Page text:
RENEE MONTAGNE, Host:
And for all of you out there thinking about taking a vacation and then thinking again because of worries you might lose your job first, here's something to consider: a kind of travel insurance that reimburses you if you get laid off and have to cancel your trip.
NPR's Brian Reed reports.
BRIAN REED: As they plan vacations, more and more people are asking the question: Can I pay for this trip if I get laid off?
JIM GRACE: The question does come up, and people are really concerned.
REED: Jim Grace is CEO of the travel insurance agency insuremytrip.com. He says he's seeing an increased interest in policies that include protection against involuntary termination of unemployment, a.k.a. losing your job.
GRACE: It's not necessarily new, but there's very, very important coverage there for people in economic uncertain times.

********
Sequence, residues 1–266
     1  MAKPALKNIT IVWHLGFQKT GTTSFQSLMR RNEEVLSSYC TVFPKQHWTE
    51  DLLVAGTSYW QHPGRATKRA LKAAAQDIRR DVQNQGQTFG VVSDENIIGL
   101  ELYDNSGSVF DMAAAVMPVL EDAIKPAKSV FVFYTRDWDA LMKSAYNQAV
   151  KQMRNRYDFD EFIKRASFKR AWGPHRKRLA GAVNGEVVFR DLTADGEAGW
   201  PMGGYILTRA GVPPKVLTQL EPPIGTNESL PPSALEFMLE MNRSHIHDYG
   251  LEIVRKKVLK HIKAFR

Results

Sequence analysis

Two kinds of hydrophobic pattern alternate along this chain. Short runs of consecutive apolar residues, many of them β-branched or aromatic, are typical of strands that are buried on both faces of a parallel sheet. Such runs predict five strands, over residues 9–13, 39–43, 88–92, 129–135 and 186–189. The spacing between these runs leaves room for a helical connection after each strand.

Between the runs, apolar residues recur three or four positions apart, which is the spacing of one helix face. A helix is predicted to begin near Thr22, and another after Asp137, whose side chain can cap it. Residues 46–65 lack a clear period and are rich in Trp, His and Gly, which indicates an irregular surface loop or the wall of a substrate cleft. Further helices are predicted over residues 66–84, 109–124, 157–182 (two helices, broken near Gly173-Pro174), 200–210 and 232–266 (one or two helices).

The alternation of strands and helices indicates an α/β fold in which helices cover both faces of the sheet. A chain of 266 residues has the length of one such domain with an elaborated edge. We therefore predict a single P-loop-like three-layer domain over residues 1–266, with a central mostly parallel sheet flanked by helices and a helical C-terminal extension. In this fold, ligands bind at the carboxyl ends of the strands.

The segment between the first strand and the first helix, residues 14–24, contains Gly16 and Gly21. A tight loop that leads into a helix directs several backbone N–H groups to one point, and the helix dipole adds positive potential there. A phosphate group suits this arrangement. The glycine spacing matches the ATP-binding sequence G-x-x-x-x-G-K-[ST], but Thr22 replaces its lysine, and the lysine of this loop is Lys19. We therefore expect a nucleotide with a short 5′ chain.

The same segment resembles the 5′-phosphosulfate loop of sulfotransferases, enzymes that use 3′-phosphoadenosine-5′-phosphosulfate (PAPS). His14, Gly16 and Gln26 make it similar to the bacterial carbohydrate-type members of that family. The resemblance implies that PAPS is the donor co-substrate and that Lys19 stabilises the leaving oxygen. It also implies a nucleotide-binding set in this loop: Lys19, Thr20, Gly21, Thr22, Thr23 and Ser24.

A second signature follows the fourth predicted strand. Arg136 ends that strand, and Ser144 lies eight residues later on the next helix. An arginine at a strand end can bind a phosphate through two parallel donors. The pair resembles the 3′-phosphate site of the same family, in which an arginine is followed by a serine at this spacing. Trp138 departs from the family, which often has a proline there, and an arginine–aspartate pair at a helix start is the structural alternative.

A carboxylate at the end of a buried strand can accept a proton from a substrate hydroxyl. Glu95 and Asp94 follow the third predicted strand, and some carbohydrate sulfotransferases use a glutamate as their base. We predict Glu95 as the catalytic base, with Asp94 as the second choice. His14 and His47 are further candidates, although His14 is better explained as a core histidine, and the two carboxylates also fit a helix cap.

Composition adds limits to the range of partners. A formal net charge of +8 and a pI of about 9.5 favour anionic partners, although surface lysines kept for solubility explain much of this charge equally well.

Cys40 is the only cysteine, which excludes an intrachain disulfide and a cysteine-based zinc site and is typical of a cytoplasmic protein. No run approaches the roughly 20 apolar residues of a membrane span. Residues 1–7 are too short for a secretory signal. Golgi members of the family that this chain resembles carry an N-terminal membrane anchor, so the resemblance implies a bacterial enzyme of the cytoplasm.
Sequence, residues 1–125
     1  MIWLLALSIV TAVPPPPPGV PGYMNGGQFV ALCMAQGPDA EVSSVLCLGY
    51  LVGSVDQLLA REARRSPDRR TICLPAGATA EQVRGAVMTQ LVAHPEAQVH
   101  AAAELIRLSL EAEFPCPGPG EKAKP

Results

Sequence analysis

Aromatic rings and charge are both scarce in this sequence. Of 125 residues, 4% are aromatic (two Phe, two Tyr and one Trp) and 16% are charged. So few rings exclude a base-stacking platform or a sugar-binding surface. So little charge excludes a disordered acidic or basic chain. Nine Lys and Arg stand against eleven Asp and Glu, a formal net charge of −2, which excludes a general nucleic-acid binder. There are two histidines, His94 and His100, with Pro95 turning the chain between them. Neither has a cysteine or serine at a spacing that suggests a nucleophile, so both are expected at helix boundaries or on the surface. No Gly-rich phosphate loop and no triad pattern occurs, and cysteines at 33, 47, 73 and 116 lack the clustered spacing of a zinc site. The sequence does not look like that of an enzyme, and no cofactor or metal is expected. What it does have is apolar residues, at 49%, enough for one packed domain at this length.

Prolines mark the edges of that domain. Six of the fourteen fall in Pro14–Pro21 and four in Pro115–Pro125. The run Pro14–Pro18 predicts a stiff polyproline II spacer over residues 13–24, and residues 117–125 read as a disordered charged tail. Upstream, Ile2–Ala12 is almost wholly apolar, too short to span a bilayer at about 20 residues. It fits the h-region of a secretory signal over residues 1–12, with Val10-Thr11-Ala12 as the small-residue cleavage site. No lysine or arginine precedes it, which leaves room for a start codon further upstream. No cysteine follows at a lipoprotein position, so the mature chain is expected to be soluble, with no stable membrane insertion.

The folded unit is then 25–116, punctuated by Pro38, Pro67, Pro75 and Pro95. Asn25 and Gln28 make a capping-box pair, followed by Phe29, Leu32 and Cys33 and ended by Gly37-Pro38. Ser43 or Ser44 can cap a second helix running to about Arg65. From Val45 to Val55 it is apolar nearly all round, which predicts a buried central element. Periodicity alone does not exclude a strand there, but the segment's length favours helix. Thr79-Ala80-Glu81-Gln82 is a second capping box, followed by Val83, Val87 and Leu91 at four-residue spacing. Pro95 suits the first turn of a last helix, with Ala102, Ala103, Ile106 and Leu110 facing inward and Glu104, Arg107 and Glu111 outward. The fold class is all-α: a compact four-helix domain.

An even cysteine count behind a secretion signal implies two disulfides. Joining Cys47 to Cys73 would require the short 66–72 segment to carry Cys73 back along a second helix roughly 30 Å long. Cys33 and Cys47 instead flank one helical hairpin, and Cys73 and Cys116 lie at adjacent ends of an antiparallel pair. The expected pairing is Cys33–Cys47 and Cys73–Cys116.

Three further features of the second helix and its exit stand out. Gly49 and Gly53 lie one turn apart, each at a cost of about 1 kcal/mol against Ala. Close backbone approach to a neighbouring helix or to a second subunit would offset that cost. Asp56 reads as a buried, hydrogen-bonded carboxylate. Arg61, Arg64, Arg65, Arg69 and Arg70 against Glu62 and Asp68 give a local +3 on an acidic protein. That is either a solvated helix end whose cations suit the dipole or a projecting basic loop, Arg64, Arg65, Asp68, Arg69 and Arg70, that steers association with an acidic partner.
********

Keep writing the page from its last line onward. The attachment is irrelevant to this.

REED: Although it varies by plan, the gist is simple. If you buy the insurance before you know you're going get laid off and then it happens, you're covered. Typically, coverage costs four to 8 percent of your trip's price. Martha Meade is a travel industry veteran at AAA.
MARTHA MEADE: Even vendors that don't generally offer that type of insurance are adding things like a job layoff as an acceptable reason to cancel and get your money back.
REED: Walt Disney World in Florida is one of those vendors. They added a layoff clause to some of their insurance policies at the end of 2008. But, of course, make sure you read the fine print. On most of the plans, you need to have worked for your employer for at least a year, and sometimes as much as five years in order to collect.
Brian Reed, NPR News, Washington.
NPR transcripts are created on a rush deadline by a contractor for NPR, and accuracy and availability may vary. This text may not be in its final form and may be updated or revised in the future. Please be aware that the authoritative record of NPR’s programming is the audio.